A very diligent chapter member asked me last night about the requirement for teams to warm up in front of their bench prior to the match. The member went on to say that he’d read the entire rules book and the only place this requirement was mentioned was in the Recommended Timing Sheets embedded in Rule 6. There was clearly some confusion about what “Recommended” meant in that context, as in whether the timing sheets were required like a rule or a general guideline that could be followed or not followed based on the governing sports authority’s guidance.
In the case of the Recommended Timing Sheets, the activities indicated are required as a rule. Unless the NCAA Soccer Rules do not otherwise specify when the activity takes place, the timing of the activity is recommended. Rule 6.3.4 indicates game rosters are exchanged 30 minutes before kickoff and teams clear the field with the captains and officials meeting for the coin toss 10 minutes before kickoff. The timing of these activities is a rules requirement and can not be modified.
The 2014-2015 NCAA Soccer Rules first indicated the requirement that teams are to warm up in front of their bench on the Recommended Timing Sheets. The 2016-2017 NCAA Soccer Rules additionally indicate when the halftime interval must begin on the Recommended Timing Sheets (immediately when the first half ends). In summary, as you review the Recommended Timing Sheets, consider the activities and the times indicated to be requirements just like any other rule.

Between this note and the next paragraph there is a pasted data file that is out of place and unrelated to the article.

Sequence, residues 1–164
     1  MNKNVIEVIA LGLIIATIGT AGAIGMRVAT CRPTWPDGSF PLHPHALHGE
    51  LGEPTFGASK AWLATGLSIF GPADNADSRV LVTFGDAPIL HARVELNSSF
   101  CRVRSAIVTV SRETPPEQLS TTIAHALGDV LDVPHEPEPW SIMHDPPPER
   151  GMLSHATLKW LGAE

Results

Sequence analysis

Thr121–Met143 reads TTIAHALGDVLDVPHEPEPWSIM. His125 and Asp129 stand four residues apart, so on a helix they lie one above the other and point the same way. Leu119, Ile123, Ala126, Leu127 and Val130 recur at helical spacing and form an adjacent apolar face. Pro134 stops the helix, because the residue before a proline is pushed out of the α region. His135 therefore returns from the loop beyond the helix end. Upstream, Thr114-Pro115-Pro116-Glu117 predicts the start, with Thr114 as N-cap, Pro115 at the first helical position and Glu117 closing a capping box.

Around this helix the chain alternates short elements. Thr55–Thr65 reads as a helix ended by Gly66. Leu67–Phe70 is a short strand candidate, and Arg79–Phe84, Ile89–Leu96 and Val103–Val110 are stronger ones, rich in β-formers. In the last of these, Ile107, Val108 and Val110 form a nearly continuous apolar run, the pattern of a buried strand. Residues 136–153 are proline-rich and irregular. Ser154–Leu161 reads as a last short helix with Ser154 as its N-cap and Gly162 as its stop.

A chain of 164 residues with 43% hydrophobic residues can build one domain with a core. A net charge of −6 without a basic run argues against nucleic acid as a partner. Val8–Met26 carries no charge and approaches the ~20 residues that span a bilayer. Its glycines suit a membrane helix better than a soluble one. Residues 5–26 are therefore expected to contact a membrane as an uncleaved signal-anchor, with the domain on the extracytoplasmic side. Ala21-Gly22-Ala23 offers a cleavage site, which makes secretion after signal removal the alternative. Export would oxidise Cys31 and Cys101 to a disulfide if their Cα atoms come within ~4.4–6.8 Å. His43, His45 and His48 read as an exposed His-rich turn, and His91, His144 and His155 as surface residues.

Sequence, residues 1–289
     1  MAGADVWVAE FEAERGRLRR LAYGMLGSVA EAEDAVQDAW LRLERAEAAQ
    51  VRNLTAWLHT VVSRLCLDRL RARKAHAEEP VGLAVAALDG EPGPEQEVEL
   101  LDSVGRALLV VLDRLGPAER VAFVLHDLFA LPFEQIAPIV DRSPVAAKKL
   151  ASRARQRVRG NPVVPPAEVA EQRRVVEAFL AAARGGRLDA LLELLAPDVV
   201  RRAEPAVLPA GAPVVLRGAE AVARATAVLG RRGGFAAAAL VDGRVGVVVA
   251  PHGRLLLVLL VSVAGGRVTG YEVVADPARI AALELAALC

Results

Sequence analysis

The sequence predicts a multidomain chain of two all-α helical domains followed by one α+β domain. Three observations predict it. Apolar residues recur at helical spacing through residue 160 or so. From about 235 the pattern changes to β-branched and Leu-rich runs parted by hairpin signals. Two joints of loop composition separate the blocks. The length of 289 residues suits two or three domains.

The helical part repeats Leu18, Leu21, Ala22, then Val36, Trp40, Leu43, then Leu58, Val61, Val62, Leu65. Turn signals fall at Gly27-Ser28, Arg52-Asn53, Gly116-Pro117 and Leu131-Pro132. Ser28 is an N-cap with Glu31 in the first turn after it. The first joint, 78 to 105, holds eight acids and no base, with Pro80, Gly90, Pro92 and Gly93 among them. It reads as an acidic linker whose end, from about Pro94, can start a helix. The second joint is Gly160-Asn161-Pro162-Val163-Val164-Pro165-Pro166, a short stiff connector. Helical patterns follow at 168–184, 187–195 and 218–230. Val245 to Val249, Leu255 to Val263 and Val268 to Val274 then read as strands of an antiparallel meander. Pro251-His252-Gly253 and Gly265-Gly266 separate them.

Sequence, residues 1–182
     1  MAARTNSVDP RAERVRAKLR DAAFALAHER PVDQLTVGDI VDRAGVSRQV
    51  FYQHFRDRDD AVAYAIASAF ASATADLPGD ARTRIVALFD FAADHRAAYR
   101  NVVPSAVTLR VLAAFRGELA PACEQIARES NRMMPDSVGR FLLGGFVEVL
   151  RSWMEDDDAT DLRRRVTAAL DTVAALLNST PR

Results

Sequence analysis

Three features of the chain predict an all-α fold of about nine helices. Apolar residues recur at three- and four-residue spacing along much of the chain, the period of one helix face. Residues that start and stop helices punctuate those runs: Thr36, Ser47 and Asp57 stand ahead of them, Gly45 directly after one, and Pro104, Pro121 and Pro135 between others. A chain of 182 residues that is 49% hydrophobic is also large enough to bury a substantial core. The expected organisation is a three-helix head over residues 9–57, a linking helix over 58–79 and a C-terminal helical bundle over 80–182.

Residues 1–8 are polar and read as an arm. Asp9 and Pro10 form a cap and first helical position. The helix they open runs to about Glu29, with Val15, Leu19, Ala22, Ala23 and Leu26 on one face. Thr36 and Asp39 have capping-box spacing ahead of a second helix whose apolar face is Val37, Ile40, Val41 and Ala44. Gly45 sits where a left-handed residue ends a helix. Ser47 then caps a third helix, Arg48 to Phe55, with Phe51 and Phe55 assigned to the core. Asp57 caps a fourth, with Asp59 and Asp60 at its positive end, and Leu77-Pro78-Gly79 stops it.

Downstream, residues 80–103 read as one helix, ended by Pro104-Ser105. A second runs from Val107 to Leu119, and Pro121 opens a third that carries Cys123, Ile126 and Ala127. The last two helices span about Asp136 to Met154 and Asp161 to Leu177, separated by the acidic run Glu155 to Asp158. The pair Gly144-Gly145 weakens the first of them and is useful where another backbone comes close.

Many scorekeepers exclusively use a computer generated scoresheet to record the events of the game. In some cases, the scorekeeper does not print out a scoresheet for the officiating crew to review and sign. So what action should the officiating crew take in this case? Read the rest of this entry »
I’ve been getting a lot of questions via email about the NCAA’s registration fee initiative and the NISOA/NCAA Soccer Rules Test. Here are some common questions and answers:
- Do I have to pay $65 to take the Rules Test on the NISOA Central Hub? No. The test is provided by NISOA at no cost to our members.
- Does the Rules Test really close on August 2, 2015? No. NISOA just approved an extension to August 16, 2015. The extension was granted to allow the National Referees (who take the test and need to correctly answer 90% of the questions) additional time and not delay the distribution of National Referee badges. I wouldn’t be surprised if the test closure is extended closer to Labor Day but please don’t bet on that occurring.
- If I want to register with the NCAA, do I have to take the test on the NCAA Central Hub? No. NCAA has agreed to accept the test results from the NISOA Central Hub for their post season eligibility criteria. You may take the test on either site but you will have to make your registration payment directly to NCAA on their site. This is not a NISOA requirement but an NCAA requirement.
- Do I have to take the Rules Test? Yes, if you are a NY Metro ISOA chapter member. The chapter is using this test as part of the good standing requirements to take an annual rules test. Chapter members have to complete the test only.